Immigration. The mere mention of the name is enough to send shudders down the spine of many an expat. At some stage we all have to deal with them and it is an experience none of us really enjoy. But believe it or not, in some respects Indonesian immigration are making it easier for some of us to stay in Indonesia at a time when many western countries are busy slamming the door.
The 2006 law on citizenship was the first step. That allowed children of mixed marriage couples to adopt dual nationality, at least for the first 18 years of their life. A major step forward from the sight of two-year-old children doing annual visa runs to Singapore or Kuala Lumpur with passports and paperwork in one hand and pampers in the other.
In 2011 a new immigration brought further welcome relief for those in mixed marriages, allowing an Indonesian national to sponsor their legally married partner for a temporary stay or permanent stay visa (KITAS and KITAP). These changes have come about thanks to patient work behind the scenes by organizations like Srikandi and Alliansi Pelangi Antar Bangsa, both looking to impact Indonesian laws that directly affect mixed marriages.
A recent seminar hosted by Srikandi looked to help explain the recent law changes with senior officials from Immigration Directorate and the Ministry of Manpower and Transmigration, with both departments providing slideshow presentations of how they dealt with us! Despite being promoted as dealing with the transferring of a KITAS to a KITAP, in truth it covered a wider range of areas.
Under the provisions of the Undang Undang Keimigrasian Nomor 6/2011 (Immigration Act), a KITAP allowing a stay of five years with unlimited extensions (article 59 I & II) is available to a foreigner ‘after 2 (two) years marriage’ (article 60 II). More and more foreigners have been taking advantage of the new law to upgrade to the KITAP, and if the experiences of posters on the Living In Indonesia Forum are any guide, more are taking to doing the change themselves, trooping down to the once forbidding Kantor Imigrasi with the necessary paperwork and a copy of the law as moral support.
The process itself is easy – on paper! If a partner is already sponsoring a KITAS the following documents are needed to get the ball rolling.
The official cost is Rp.3,055,000 for the KITAP, including biometric pictures and Rp.200,000 for the SKLD. If you are doing this yourself and the officials try to ask for more money, you could politely show them Peraturan Permintah RI nomor 38 tahun 2009 which is available for download on the State Secretariat website.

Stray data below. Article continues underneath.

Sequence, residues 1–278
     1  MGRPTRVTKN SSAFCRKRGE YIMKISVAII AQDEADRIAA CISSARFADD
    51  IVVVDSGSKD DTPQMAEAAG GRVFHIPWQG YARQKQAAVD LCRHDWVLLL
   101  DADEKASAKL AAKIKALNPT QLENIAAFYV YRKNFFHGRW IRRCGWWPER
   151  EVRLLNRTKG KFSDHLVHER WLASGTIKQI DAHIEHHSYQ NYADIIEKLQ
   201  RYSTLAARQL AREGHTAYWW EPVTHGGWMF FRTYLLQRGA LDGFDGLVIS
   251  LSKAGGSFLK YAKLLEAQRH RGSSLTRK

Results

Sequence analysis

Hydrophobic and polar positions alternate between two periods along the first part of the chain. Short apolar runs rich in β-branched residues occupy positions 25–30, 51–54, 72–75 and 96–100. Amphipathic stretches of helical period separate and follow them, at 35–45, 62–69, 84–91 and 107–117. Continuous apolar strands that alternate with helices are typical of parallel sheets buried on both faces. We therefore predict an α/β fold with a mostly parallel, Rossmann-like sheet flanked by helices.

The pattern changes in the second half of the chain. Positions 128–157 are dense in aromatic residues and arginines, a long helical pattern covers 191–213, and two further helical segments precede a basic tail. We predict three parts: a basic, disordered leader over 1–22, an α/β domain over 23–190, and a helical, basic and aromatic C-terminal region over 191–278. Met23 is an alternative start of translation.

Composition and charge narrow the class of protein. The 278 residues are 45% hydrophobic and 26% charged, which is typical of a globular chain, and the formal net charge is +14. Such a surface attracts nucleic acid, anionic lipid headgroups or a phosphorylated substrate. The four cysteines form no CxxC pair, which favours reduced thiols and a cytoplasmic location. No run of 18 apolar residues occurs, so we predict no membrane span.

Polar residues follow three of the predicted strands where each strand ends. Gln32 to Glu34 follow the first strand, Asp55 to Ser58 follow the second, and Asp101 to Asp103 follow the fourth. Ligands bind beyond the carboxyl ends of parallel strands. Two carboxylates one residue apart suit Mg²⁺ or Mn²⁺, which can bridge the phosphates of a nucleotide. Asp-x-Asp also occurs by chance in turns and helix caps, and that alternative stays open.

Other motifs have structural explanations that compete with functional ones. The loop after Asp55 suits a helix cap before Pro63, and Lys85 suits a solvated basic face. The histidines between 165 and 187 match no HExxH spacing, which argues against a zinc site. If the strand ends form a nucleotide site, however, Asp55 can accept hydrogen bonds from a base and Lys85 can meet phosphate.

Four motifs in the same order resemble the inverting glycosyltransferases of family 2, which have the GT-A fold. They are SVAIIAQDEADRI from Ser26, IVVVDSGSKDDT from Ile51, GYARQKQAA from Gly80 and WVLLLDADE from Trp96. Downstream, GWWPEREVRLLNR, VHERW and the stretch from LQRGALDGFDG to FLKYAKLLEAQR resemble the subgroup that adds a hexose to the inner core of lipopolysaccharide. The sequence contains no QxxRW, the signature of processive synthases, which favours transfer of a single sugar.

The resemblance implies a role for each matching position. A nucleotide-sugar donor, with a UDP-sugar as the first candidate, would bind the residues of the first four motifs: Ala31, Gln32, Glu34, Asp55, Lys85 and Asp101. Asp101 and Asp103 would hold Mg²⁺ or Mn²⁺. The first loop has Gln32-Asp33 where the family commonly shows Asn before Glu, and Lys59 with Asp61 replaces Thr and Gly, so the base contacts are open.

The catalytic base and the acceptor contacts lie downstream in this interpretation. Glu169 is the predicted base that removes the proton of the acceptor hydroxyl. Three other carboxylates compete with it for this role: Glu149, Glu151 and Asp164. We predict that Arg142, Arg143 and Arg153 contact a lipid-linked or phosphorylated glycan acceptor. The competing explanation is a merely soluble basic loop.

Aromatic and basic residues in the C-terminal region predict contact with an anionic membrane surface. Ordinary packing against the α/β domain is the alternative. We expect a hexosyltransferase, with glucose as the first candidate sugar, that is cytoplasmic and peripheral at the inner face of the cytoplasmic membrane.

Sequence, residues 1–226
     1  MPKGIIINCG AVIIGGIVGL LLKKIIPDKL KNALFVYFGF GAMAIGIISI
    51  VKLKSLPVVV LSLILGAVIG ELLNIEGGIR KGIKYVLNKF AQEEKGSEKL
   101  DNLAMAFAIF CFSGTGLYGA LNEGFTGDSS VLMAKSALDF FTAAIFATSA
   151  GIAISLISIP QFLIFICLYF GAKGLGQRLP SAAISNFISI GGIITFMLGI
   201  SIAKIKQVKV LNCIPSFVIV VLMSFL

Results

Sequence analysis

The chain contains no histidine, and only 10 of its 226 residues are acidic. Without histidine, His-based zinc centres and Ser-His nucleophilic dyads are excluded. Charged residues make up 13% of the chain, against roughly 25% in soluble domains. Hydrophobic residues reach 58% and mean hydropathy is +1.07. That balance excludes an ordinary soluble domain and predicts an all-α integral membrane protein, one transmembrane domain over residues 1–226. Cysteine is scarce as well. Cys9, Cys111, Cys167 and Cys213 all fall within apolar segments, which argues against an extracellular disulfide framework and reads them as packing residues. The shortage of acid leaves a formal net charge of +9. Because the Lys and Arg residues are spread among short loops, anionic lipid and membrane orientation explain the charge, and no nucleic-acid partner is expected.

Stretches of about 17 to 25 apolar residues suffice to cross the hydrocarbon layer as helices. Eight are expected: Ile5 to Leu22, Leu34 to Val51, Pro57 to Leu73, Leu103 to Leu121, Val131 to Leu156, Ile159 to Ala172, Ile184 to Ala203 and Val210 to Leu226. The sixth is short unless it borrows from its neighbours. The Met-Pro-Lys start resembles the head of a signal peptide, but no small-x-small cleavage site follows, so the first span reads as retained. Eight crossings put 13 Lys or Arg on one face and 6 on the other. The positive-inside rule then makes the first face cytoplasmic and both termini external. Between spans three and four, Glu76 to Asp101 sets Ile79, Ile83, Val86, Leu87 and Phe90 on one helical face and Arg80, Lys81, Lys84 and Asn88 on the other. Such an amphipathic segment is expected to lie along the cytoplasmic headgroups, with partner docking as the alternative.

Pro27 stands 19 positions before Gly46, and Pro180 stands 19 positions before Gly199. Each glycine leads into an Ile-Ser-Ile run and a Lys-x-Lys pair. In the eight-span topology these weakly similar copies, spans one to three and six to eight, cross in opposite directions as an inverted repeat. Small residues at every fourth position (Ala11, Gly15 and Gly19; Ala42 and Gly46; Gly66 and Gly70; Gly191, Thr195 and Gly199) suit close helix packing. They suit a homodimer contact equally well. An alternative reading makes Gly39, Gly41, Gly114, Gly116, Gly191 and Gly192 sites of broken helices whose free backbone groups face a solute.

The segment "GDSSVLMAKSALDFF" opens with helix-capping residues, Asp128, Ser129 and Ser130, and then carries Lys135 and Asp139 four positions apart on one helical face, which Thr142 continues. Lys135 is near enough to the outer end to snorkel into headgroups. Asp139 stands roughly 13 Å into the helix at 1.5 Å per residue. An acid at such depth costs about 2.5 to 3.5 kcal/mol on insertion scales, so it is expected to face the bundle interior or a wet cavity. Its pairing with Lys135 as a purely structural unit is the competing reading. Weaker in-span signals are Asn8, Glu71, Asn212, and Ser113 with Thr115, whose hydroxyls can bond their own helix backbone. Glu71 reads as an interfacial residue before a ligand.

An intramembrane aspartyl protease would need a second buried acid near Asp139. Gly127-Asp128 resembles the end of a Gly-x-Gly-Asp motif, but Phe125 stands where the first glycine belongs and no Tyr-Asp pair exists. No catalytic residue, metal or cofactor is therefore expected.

Once you have all the paperwork the next step is to visit your local Kantor Imigrasi (KanIm) and this is where the fun begins! Officials there may not be aware of the new regulations, or pretend they are not aware of the new regulations. They may even be aware of the regulations but decide to put their own value on them! Or they may direct you to a friend of theirs who will decide the official prices aren’t high enough.
After the seksi statuskim has accepted all the paperwork is in place, you are to see the seksi waskadkim who will check you are who you say you are, your sponsor is who they say they are, and you have not been a naughty person. If that individual is happy, you go back to the first seksi statuskim who will have to write a letter of recommendation to the kakanim to sign and return it to the seksi statuskim who then tells DitJenIm (Immigration Directorate) the KITAP process can begin. You can then take the letter to the KanWil yourself along with all the documents.
If the DitJenIm is happy with the paperwork and recommendations, they will send a letter, or you can collect it yourself, to the KanWil who instructs the KanIm to issue the KITAP. It is not until this stage that you actually pay any money!
How long this takes is anyone’s guess and will vary from city to city, but it can be done with patience and determination.
Among the many other interesting points raised at the seminar, one was made by a gentleman from DitJenIm who said that anyone with a wife sponsoring their KITAS or KITAP would receive their permission to work much quicker than previously. However, it is indicative of how bureaucracy moves in Indonesia that the other speaker from Manpower and Transmigration seemed less exuberant about this.
Indeed the tone between the two speakers was different. Immigration talked about changes brought about by the laws of 2006 and 2011, while Manpower seemed quagmire in older laws.
Peter Beilby has spent 10 years working with Immigration in Indonesia and he feels, while there is still confusion regarding recent changes, at least the government, “is trying to make the process easier”. Now an Indonesian citizen himself, Beilby recalls how, when he started consulting immigration offices, they were venues of sloth and lethargy. He describes them today as, “a hive of activity”, and reputations aside, things are slowly getting better for those of us who would like to call Indonesia home.
For those on the outside, dealing with bureaucracy can be a nightmare, while for the layman keeping track of the law and its implantation is on a par with reading Aramaic. Matters are not helped by misinformation and poor reporting in the national media.
But it is possible. The Law and Visas board at the Living in Indonesia Forum (www.livinginindoinesianforum.org) is a treasure seeker’s delight of information and potential problems with knowledgeable expats sharing their experiences while its mother site, www.expat.or.id, offers more concise advice.
The two organizations mentioned previously, Srikandi and Alliansi Pelangi Antar Bangsa are also able to offer advice, but they are voluntary organizations existing on member’s fees. I am sure they would also welcome people as members!